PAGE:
Fr. Kelly

Our Sunday Journal is a brief reflection on the scripture readings of the day by Father Kelly, a senior priest in the Diocese of Saginaw.

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15th Sunday in Ordinary Time
LK 10:25-37
July 14, 2019

July 30, I will be celebrating 25 years of ordained ministry. For me, this is an occasion to look back over the past quarter century, reflecting on how I put this time to use. A little booklet that was published by Saint John the Evangelist Parish in Ubly, Michigan, provided me with a lot of food for thought. This was my first assignment as a pastor.

The book that triggered many memories, was a brief history of the parish from its foundation in 1887 until 2013. This is what was recorded about me:

In the winter of 1996, Fr. Randy Kelly replaced Fr. John Mullet. Due to the shortage of priests, Fr. Randy’s vision for the parish included parishioners accepting more responsibility for leadership roles in the church. He began training individuals for various leadership roles needed in the parish and set up for Sunday celebration in the absence of a priest.

It pleased me to be remembered for encouraging parishioners to live out their calling as disciples, according to the gifts and talents God has blessed them with. And while it’s an honor to be given credit for having “the vision” to recruit and encourage disciples, the truth is I can’t accept that credit. Anticipating “the priest shortage” was not about prophecy, it was simply a matter of arithmetic…doing the math! However, priest shortage or not…all of the baptized should always be encouraged to share the gifts and talents with which they have been blessed in order to build up the Body of Christ…our Church.

There is one detail about my work at St. John the Evangelist that I feel warrants a clarification. When I arrived, there was already sound, competent and very dedicated “leadership” in place. The parish council and finance committee were terrific. What I felt was needed was for more people to become involved in pastoral ministry.

In my mind, there is a distinction. Leadership often involves authority and control. Pastoral ministry, on the other hand, involves sacrifice and service. So I set out recruiting, training, and coaching people to put themselves at the service of others. In other words, I was looking for Good Samaratins, who were willing to respond to the needs of their neighbors, whether or not there was an emergency situation…and whether or not there was a priest available.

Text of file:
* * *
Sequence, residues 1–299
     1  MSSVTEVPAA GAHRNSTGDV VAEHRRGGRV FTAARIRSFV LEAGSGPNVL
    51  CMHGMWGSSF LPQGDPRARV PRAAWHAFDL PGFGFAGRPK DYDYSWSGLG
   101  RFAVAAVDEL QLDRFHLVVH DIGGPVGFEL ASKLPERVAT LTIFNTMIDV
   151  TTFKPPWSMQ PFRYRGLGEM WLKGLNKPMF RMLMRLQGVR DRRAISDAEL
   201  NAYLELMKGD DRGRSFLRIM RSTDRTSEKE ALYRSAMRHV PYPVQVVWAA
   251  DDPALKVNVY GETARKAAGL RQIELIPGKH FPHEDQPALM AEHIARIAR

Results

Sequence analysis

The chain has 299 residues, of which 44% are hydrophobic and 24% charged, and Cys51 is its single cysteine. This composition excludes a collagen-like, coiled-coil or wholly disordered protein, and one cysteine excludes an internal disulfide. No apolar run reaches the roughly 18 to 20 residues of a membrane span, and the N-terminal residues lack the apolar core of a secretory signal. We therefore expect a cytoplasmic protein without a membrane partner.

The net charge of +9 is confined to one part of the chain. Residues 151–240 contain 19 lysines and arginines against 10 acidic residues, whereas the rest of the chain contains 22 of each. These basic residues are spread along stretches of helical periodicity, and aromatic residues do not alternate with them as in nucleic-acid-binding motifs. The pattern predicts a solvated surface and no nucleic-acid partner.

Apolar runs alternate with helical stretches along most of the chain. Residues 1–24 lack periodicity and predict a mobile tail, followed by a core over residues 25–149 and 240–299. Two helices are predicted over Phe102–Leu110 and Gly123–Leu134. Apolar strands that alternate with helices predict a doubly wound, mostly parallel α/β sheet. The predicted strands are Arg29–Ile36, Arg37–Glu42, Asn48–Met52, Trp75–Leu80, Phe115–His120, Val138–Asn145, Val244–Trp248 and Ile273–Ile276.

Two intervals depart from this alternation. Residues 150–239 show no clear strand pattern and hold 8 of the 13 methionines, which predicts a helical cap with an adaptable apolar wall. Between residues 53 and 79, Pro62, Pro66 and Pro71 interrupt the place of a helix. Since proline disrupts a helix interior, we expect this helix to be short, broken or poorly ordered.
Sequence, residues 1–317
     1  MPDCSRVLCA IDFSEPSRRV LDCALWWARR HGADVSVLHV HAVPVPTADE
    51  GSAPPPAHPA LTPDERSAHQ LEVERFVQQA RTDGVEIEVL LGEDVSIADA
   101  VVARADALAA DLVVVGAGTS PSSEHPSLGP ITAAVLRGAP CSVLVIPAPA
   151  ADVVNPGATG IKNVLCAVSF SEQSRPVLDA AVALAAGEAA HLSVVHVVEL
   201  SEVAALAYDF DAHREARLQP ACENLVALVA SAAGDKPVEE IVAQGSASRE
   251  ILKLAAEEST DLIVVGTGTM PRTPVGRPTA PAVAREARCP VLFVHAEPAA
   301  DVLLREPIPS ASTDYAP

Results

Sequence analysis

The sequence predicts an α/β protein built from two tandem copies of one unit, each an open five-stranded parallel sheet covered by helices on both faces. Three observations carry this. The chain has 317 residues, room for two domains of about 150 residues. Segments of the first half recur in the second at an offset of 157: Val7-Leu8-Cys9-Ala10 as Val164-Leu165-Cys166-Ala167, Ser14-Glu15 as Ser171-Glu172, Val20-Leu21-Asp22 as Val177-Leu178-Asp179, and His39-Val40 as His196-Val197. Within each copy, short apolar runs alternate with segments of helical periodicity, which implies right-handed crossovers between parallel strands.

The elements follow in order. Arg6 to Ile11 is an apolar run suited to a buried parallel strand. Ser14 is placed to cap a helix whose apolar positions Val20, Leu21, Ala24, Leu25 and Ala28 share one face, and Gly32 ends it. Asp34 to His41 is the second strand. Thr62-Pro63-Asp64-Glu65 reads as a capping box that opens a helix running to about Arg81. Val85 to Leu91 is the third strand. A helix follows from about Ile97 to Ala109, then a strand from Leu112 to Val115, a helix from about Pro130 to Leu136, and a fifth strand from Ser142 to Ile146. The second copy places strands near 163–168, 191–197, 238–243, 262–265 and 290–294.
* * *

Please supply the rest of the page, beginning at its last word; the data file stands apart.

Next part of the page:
It wasn’t just a matter of recruiting bodies, either. Clearly, there is a skill set for the various ministries that make a parish work and work well. Not everyone can lead a vigil service. Many people are uncomfortable standing up and speaking in front of a room full of people…or should be anyway! Teachers have a special gift and catechesis is all about education.

But no matter what the ministry, or how talented a person might be, there is one quality that is absolutely critical to success…LOVE! Love of God, Church, and neighbor is a requisite to ministry.

A lot has changed at St. John the Evangelist since 1996. Three parishes have now been merged into one. This is the story all over our Diocese. But, what hasn’t changed in Ubly, or Vasser, or Palms, or Linwood, or Alma, or Oakely, or Ryan…or in any of the small communities that are part of The Body of Christ, is that good neighbors live there. So long as there are good neighbors…loving disciples, who are vigilant to the needs of the folks around them…even when there is no life and death emergency…even if there is no priest available…The Body of Christ will remain healthy.

It’s hard to believe that 25 years have passed. What’s even more incredible is how things have changed in our world over this past quarter century. But, the vision remains the same. And it isn’t my vision. It is The Lords! LOVE AND SERVE ONE ANOTHER!

On to the next 25!

14th Sunday in Ordinary Time
LK 10:1-12, 17-20
July 7, 2019

(Fr. Kelly is presenting a mission appeal for Haiti, where his good friend worked for several years. The Saginaw diocese has two parishes with priest from the Oblates of St. Frances de Sales. Donations can be giving at:

To explain why I am here at your parish doing a mission appeal, I need to tell the story about a friend of mine…a friend who many of you might well have known. I first met Fr. Tom Moore 29 years ago, when Bishop Untener sent him to discuss the possibility of me doing what we hear about in this Sunday’s Gospel: Becoming a laborer in The Lord’s vineyard.